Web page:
Dr. Oz invests up to $715,000 in companies he blames for skyrocketing insulin costs

Mehmet Oz specifically called out UnitedHealth and CVS for soaring prices — but he's heavily invested in both

By Igor Derysh

Deputy Politics Editor

Published June 17, 2022 5:45AM (EDT)

Pennsylvania U.S. Senate candidate Dr. Mehmet Oz speaks during a Republican leadership forum at Newtown Athletic Club on May 11, 2022 in Newtown, Pennsylvania. (Michael M. Santiago/Getty Images)
Pennsylvania U.S. Senate candidate Dr. Mehmet Oz speaks during a Republican leadership forum at Newtown Athletic Club on May 11, 2022 in Newtown, Pennsylvania. (Michael M. Santiago/Getty Images)

Dr. Mehmet Oz, the Republican nominee in Pennsylvania's crucial U.S. Senate race, has repeatedly criticized pharmaceutical companies blamed for the rising cost of insulin — but his recent financial disclosure shows that he has invested up to $715,000 in exactly those companies.

Prior to announcing his Senate bid, Oz repeatedly railed about the rising cost of diabetes treatment, lamenting in a Newsmax op-ed that the cost of insulin had more than tripled over the past decade.

"Globally, three companies dominate the insulin market, and all of them have raised their prices dramatically. In 1996, the original price of Humalog was $21 a vial; it is now $275," he wrote in a joint op-ed with Dr. Mike Roizen of the Cleveland Clinic Wellness Institute.

RELATED: As Big Pharma jacks up prices, Dems worry their failure will cost seats this fall

The rising cost is "forcing many people to reduce their life-saving use of insulin," the authors warned, citing a study that found that a quarter of diabetic patients had to ration doses because of the cost. "Interestingly, very few of the patients surveyed were uninsured, but their out-of-pocket costs were still prohibitively high, and so were their blood sugar levels," they wrote.

Oz hosted a segment on his long-running "Doctor Oz Show" in 2019 in which he sent an undercover reporter to investigate the rise of black-market insulin.

"Insulin prices are soaring and causing desperate families to buy the life-saving drug from strangers," he tweeted at the time, warning that "black-market diabetes medication could be putting your life at risk."

Oz, who went so far as to recommend that patients buy their insulin from Canadian pharmacies to access lower prices — a common but quasi-legal practice — also specifically blamed pharmacy benefits managers for the rising cost.


Want a daily wrap-up of all the news and commentary Salon has to offer? Subscribe to our morning newsletter, Crash Course.


"Why have prices gone up so steeply? Experts say it's a result of inadequately designed insurance coverage in both private insurance and Medicare, and alleged price-fixing by pharmaceutical companies. Another source of trouble: the rebate system. It provides incentives for middlemen — pharmacy benefit managers such as CVS, Express Scripts, and UnitedHealth's Optum — to accept high-priced drugs and not pass available savings on to consumers," Oz and Rozien wrote in the Newsmax op-ed.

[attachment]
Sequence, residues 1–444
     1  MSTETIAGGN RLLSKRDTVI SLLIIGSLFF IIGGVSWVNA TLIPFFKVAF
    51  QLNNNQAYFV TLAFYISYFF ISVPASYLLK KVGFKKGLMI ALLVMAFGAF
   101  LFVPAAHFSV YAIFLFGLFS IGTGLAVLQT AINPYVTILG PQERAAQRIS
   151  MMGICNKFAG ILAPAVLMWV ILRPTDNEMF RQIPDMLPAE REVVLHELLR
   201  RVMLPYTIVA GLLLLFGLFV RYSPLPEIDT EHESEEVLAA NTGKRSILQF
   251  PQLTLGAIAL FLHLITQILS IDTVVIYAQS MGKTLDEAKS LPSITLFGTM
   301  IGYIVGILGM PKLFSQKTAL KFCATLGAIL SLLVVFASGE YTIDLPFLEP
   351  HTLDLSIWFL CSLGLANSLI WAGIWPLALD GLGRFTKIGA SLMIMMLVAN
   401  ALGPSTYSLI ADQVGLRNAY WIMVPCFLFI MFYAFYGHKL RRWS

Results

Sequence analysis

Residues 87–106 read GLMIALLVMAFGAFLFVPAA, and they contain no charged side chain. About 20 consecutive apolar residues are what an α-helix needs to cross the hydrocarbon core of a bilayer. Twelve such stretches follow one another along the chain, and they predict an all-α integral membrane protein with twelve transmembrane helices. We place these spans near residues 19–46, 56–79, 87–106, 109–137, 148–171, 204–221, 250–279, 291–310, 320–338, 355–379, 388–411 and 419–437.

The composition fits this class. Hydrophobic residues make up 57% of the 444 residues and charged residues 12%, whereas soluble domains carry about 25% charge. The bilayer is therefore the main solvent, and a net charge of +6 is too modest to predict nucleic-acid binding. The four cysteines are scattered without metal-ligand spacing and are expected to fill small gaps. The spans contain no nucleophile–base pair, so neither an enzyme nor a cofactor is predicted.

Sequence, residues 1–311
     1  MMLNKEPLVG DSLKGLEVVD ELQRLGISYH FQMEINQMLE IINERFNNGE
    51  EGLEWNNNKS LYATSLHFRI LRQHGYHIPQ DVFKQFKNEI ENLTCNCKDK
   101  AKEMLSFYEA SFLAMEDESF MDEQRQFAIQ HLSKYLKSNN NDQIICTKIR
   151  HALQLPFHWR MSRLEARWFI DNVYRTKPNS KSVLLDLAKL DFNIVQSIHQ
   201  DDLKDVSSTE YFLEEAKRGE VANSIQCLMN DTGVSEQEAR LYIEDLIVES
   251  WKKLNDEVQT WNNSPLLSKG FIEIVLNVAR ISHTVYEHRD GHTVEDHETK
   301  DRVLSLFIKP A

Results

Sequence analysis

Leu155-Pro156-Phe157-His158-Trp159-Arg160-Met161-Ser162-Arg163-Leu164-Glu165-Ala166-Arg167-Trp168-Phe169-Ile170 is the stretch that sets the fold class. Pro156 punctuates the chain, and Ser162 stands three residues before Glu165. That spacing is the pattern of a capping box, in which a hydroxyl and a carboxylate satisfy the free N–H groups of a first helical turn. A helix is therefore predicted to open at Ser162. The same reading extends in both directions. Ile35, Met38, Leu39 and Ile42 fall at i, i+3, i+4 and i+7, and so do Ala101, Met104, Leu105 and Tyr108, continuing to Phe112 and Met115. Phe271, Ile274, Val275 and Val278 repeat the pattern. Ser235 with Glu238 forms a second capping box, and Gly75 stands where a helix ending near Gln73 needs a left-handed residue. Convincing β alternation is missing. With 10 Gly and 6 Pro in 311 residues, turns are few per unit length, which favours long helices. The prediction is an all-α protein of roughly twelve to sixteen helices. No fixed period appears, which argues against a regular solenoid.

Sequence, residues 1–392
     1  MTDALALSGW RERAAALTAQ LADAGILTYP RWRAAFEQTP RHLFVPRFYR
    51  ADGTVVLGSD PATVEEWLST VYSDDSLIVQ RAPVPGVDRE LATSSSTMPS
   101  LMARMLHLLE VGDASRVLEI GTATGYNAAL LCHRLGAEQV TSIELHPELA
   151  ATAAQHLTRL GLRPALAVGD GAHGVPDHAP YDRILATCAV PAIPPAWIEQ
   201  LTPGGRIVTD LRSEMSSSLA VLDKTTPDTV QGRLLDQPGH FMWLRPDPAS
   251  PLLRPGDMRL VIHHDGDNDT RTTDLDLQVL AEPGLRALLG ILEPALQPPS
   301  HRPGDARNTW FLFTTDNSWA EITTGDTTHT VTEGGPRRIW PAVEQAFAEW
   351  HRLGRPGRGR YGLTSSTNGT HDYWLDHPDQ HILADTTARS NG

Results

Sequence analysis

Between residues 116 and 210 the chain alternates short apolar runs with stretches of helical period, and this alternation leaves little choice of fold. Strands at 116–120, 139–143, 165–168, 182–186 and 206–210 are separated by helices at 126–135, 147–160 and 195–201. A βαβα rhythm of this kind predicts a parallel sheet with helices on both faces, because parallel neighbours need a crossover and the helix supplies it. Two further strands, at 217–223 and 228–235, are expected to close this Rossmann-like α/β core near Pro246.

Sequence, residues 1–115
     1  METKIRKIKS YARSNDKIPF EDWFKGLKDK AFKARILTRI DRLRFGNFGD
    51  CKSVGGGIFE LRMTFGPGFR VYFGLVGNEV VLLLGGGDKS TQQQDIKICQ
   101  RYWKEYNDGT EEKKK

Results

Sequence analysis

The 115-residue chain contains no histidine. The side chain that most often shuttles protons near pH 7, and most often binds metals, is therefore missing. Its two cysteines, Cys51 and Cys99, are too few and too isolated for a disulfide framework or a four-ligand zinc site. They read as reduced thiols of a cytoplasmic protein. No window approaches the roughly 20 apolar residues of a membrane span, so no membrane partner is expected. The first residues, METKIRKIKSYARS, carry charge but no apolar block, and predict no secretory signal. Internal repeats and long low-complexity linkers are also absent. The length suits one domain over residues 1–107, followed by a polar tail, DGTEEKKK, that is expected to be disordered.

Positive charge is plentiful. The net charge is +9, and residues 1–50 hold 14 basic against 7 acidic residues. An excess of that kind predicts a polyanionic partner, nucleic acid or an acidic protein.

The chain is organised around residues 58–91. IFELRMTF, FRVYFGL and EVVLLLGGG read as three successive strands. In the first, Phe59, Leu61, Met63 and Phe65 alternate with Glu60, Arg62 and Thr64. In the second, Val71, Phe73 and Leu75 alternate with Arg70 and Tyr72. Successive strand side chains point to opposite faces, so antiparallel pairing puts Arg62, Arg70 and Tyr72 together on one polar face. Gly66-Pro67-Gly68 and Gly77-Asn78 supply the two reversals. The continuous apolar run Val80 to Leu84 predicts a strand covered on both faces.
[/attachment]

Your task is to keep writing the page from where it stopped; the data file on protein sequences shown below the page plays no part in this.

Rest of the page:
In a separate syndicated column published in 2019, the two reiterated that "a lot of the blame rests with middle-level distributors, not just Big Pharma."

But a personal financial disclosure filed by Oz's campaign in April shows that he stands to profit from investments in the exact companies he blamed for causing the price increases.

The disclosure showed that Oz has invested between $280,000 and $600,000 in UnitedHealth and another $50,000 to $100,000 in CVS Health. He also has between $1,000 and $15,000 in Cigna stock.

The Federal Trade Commission earlier this month launched an investigation into CVS, UnitedHealth and others over their business practices. The FTC is looking into "potentially unfair" business practices, fees and methods as well as "the impact of rebates and fees from drug manufacturers on formulary design and the costs of prescription drugs to payers and patients."

"Although many people have never heard of pharmacy benefit managers, these powerful middlemen have enormous influence over the U.S. prescription drug system," FTC Chair Lina Khan said in a statement last week. "This study will shine a light on these companies' practices and their impact on pharmacies, payers, doctors, and patients."

Arkansas Attorney General Leslie Rutledge last month filed a lawsuit against CVS, UnitedHealth, Cigna and others, accusing them of inflating prices to pad profits. The lawsuit notes that despite being on the market for decades, insulin had risen in price by more than 1,500% between 1997 and 2018.

At the moment, the drug "ranges between $300 and $700," Rutledge said in a statement. "While insulin costs hundreds of dollars to buy at the pharmacy, it costs less than $2 to produce."

"These drug manufacturers and PBMs have inflated the price of insulin and other diabetes-related medication to line their own pockets," Rutledge said. "They have endangered the lives of thousands of Arkansans and Americans, who simply cannot afford to buy this life-saving medicine. Today we begin the fight to stop this outrageous inflation of insulin pricing."

Oz's campaign did not respond to a request for comment.

"Mehmet Oz is a scammer and a fraud who will do anything to help himself," said Brad Bainum, a spokesperson for the Democratic-aligned PAC American Bridge 21st Century, "including investing in health care corporations that he admits profit from hurting Pennsylvanians by keeping insulin costs high."

Read more on Dr. Oz, Donald Trump and the 2022 midterms:


By Igor Derysh

Igor Derysh is Salon's Deputy News and Politics Editor. His work has also appeared in the Los Angeles Times, Chicago Tribune, Boston Herald and Baltimore Sun.

MORE FROM Igor Derysh


Related Topics ------------------------------------------

2022 Elections Big Pharma Insulin Mehmet Oz Pennsylvania Politics Reporting